a brief history of the donut -- 8/21/15
Today's selection -- from The American Plate by Libby H. O'Connell. Donuts began as a small sweet treat with no hole called oleykoeks invented by the Dutch. It wasn't till 1847 that an American seaman added the hole:
"You may think we have a giant national sweet tooth today, but the early American settlers were no less fond of their sweet treats. The Dutch contributed to a national love of sugary baked goods. The English and the Spanish weren't the only Europeans to colonize North America early on. The French sent explorers and missionaries, whose names dot the maps of modern Canada and the Unites States, particularly in the Great Lakes region and the Mississippi River valley. The Dutch founded New Netherland right in the middle of the Atlantic coast and up the great Hudson River. Their harbor town, New Amsterdam, would eventually become the vibrant powerhouse called New York City.
|Modern Donuts from Federal Donuts|
"Although the English took possession of New Netherland in 1664 and renamed the colony New York, many Dutch settlers remained. Farm families in the early 1800s still spoke Dutch. Several common American words, like 'boss' and 'stoop,' are Dutch in origin. Their influence lingers in place names like Brooklyn and Kinderhook, and in family names like Roosevelt and Vanderbilt.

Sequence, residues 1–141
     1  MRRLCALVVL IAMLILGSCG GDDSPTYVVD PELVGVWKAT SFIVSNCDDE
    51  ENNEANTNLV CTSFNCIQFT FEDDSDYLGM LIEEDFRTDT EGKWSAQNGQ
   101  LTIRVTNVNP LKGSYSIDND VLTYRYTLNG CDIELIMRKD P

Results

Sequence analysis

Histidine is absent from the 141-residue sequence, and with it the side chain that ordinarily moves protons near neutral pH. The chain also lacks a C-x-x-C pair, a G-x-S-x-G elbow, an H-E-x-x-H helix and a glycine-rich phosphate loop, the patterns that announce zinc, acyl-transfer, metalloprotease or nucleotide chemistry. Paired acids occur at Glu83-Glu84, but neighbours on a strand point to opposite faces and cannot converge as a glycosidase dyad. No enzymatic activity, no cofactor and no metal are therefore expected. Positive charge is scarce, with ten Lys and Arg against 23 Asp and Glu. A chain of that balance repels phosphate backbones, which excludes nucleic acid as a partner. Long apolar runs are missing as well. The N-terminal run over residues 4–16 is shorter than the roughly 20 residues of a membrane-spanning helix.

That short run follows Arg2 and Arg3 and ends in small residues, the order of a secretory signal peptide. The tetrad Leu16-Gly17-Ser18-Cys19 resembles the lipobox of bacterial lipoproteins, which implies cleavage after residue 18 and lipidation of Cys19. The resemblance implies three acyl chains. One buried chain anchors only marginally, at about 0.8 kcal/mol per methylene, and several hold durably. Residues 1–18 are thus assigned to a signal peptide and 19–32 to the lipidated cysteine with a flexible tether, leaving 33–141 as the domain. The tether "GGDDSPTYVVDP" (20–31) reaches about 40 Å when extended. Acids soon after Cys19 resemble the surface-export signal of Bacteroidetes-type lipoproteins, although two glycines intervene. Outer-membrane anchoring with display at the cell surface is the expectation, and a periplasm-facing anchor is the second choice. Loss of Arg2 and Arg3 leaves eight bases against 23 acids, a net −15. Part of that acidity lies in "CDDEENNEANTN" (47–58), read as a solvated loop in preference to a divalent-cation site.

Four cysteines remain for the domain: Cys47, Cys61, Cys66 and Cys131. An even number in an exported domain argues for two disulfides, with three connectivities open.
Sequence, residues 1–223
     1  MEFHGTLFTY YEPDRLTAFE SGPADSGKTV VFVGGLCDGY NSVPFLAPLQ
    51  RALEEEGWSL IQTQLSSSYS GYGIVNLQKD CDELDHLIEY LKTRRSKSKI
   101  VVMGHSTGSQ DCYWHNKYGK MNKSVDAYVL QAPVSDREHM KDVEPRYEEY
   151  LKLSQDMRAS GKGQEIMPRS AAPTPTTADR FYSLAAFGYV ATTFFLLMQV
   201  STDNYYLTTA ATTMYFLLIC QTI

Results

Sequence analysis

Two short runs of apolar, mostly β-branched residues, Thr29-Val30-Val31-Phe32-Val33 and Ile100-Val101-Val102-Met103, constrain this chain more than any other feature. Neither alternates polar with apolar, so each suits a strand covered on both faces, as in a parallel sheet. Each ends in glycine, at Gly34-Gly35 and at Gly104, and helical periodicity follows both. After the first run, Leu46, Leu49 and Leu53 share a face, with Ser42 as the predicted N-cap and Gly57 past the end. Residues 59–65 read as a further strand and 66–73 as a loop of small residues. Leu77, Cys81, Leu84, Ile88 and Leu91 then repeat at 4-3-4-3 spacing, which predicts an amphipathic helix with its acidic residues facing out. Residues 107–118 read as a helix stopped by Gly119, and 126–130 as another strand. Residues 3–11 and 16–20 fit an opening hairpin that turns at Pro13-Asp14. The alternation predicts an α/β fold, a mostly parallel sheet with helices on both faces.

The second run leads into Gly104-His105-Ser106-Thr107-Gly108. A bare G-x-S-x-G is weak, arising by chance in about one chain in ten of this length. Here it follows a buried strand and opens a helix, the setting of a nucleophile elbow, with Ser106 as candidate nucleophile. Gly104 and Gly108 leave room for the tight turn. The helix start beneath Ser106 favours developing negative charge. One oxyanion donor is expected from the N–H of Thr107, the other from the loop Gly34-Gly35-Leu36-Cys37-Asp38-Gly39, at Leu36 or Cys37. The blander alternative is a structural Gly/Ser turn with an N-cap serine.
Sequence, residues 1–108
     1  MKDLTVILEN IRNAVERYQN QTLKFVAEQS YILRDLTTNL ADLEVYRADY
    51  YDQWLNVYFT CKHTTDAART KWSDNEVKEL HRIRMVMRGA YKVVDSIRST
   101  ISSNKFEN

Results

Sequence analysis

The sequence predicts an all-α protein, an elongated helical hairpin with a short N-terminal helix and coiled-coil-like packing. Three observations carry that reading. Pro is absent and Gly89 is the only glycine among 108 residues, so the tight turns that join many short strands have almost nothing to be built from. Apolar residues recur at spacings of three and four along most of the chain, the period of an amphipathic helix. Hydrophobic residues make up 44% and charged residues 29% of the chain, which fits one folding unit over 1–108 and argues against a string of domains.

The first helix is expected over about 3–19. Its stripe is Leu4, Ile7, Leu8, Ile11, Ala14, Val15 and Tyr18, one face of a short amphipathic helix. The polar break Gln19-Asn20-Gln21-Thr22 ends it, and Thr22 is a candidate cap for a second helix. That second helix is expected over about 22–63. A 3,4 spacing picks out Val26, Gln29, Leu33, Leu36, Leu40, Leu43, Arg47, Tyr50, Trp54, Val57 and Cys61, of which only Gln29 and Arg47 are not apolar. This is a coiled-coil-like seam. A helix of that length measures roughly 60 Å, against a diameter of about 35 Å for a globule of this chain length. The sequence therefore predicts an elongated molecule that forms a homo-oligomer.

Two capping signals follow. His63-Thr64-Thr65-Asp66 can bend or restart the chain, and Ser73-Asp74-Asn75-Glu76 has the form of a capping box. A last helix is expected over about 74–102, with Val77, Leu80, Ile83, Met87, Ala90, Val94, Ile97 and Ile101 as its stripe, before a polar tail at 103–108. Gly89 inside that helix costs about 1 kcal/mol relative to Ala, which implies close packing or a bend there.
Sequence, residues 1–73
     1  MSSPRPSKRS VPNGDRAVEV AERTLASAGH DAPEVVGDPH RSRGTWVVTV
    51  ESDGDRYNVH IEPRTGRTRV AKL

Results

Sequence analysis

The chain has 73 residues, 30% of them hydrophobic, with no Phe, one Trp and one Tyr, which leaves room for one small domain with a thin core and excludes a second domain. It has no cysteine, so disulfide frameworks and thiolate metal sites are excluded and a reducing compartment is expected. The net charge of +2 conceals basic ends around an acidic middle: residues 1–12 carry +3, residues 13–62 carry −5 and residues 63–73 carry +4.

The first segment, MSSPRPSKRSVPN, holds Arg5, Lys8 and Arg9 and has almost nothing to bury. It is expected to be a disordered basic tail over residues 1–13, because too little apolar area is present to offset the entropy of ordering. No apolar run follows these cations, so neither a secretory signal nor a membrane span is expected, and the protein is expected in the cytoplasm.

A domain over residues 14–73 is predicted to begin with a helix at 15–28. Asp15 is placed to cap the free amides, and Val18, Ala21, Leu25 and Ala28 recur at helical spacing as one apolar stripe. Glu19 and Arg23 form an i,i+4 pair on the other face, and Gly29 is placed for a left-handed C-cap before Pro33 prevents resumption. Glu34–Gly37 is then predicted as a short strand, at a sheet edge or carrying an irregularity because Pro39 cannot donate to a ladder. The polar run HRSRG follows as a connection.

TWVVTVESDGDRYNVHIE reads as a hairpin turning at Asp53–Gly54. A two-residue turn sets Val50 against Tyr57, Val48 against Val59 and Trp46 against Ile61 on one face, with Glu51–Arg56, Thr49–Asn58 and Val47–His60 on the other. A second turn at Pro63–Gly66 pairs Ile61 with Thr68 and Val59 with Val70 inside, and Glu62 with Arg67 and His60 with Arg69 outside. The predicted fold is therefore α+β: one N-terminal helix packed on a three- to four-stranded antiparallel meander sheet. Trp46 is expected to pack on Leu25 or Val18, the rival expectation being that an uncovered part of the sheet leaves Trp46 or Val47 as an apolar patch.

"The Dutch also contributed three all-American foods: doughnuts, waffles, and cookies. It would be inaccurate to say they invented these sweet treats. ... In the colonial period, doughnuts were chubby circles, not the inflated rings we're used to seeing today. A baker would drop a ball of stiff batter or dough about the size of a large walnut into hot pork lard and fry it brown. They called these deep-fat-fried calorie bombs oleykoeks, or oil cakes, serving them with a dusting of confectioners' sugar and cinnamon. British Americans adopted the recipe, but called the treat a 'dough-nut.'
"An American seaman cook, Hanson Gregory, claimed to have created the first doughnut cooked intentionally with a hole in 1847, more than two hundred years after the Dutch arrived here. He said the hole allowed the dough to cook more evenly in the hot lard. Today, Americans consume doughnuts with enormous relish, chowing down on over ten billion a year."